Meissner by no means only thinks about convenience for his guests, who come from all over the world, but also the necessary "interfaces". The European Commission has passed the "Payment Service Directive 2", thereby setting in motion a development that could turn the entire world of payment transactions upside down and give rise to new payment services as well as new desires.
In particular, PSD 2 has been adopted in order to provide appropriate support for fintechs and innovative payment procedures – including payments by smartphone. In reality, however, this means nothing less than that every bank will in future be obliged to create interfaces that payment service providers can use "without discrimination" – i.e without having to use an intermediary – to access their customers' data and set up a SEPA payment, for example.
Put differently, if banks lose not only their sovereignty over their data and infrastructure, but also their ability to continue tying customers exclusively to themselves, the result will be a race to find the most convenient payment solution on the planet. Interestingly, PSD 2 came into force in January 2018. The fact that very few people have heard of it to date could simply be due to the 18-month waiting period granted by legislators, or it could be because of the complexity of the law's implications.
"You just have to understand it and know what your guest wants"
However, Constantin Rehberg, Chief Digital Officer at the economy hotel chain Prizeotel, says there's no reason to panic. Service providers like Wirecard, which has subsidiaries on every continent, are now making it relatively easy even for individual hotels to try out different payment methods. "That won't involve massive costs," Rehberg says. "Setting up an interface with PayPal or Amazon, for example, won't cost more than two to five man-days; with other providers and other payment methods it's even faster and it's often just a mouse click." He adds: "You just have to understand it and know what your guest wants"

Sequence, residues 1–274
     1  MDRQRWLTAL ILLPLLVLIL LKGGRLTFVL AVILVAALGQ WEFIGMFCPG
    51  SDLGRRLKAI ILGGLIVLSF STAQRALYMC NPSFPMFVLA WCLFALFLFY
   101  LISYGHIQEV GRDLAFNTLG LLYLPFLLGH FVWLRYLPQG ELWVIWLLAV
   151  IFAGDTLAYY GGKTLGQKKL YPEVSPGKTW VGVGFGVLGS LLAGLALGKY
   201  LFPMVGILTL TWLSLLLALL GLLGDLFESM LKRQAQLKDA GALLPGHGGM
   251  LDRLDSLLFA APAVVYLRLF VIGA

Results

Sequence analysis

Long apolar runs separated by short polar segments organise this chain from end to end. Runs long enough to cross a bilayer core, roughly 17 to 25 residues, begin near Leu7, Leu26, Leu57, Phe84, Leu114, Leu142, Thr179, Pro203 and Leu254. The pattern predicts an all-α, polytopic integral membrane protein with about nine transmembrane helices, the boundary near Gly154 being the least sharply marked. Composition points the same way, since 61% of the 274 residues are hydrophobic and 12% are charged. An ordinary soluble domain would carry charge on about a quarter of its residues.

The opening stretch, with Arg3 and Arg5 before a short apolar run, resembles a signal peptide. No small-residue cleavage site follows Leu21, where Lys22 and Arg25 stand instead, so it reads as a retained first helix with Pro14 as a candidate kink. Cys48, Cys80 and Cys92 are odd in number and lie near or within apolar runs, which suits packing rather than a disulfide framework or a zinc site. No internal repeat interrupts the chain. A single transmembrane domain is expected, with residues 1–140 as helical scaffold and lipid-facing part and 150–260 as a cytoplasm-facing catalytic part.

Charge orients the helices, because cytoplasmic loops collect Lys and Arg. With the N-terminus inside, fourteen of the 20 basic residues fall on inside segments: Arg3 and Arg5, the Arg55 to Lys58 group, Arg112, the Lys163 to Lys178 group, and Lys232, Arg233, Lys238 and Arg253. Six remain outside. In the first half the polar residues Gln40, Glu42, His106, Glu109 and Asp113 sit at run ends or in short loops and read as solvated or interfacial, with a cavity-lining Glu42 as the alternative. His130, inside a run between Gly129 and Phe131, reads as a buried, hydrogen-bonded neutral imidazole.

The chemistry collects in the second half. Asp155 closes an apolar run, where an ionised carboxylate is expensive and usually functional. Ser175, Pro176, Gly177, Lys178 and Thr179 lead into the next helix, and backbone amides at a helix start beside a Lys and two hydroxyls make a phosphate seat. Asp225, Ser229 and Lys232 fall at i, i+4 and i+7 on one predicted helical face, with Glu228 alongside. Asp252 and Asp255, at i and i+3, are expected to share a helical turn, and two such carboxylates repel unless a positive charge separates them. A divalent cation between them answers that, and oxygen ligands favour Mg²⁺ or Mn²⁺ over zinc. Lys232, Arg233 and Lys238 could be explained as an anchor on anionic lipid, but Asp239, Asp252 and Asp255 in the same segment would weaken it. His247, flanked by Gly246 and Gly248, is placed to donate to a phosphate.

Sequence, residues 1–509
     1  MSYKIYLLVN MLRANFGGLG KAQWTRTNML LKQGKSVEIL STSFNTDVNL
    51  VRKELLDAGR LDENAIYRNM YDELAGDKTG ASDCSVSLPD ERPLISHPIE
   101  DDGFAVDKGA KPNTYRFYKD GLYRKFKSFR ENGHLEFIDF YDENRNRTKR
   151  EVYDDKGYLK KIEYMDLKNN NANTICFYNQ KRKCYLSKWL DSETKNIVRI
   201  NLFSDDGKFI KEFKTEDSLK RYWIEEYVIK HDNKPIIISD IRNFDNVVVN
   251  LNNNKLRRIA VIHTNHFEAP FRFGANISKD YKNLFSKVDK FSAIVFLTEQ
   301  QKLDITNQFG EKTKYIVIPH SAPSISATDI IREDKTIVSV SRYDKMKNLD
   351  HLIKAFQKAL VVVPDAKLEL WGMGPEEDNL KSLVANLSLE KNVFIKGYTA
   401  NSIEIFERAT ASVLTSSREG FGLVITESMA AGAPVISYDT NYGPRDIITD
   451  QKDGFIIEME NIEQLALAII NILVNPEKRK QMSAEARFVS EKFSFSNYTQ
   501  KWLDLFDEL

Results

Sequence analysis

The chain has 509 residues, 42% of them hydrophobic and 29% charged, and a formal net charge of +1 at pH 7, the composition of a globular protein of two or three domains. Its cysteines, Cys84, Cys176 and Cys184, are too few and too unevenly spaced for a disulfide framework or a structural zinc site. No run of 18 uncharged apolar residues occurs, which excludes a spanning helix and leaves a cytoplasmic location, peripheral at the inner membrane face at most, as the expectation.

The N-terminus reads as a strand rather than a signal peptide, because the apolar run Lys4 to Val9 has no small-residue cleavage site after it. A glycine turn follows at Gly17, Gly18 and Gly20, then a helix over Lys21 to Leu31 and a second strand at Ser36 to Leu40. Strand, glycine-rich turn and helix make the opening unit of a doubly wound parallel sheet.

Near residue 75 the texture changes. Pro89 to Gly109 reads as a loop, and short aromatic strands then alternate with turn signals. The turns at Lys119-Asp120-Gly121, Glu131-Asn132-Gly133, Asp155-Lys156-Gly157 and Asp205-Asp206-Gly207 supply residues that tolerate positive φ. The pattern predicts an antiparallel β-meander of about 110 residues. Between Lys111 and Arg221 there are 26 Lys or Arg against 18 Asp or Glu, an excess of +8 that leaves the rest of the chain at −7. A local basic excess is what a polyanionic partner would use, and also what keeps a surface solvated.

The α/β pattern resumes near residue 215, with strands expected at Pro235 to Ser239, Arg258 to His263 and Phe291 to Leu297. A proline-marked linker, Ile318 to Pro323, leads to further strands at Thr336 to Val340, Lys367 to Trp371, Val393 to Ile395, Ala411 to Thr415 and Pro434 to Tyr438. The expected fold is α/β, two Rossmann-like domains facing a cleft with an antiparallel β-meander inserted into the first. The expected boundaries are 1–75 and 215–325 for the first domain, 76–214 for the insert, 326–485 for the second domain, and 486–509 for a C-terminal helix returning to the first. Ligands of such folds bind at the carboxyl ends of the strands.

Prizeotels expect guests to want to be able to pay via Amazon, Google and Apple Pay in future, and have offered these services from the beginning. They are certainly not the first to do this; others in the hotel industry have also realised that their guests would like to decide for themselves how to settle their bill.
Payment option as part of the sales strategy
Online experts like Christian Meissner, who is also on the board of the Hotel Electronic Distribution Network Association (HEDNA), a global organisation for digital distribution, don't think it is enough simply to accept different payment solutions. Meissner believes that every hotel company must integrate the new variety of payment methods into its sales strategy. "For certain sales channels or (defined) target groups, I will have to choose certain payment methods in future," he says.
That means that each hotel will in future have to base its decision for or against a specific payment option on which channels its guests use, which countries they come from, which country-specific features they are used to, etc. The payment options available would thus become a fixed part of any sales strategy, Meissner says. "When chosen carefully, payment methods can provide additional support in attracting specific groups of guests, and thus become an asset in the competition for guests."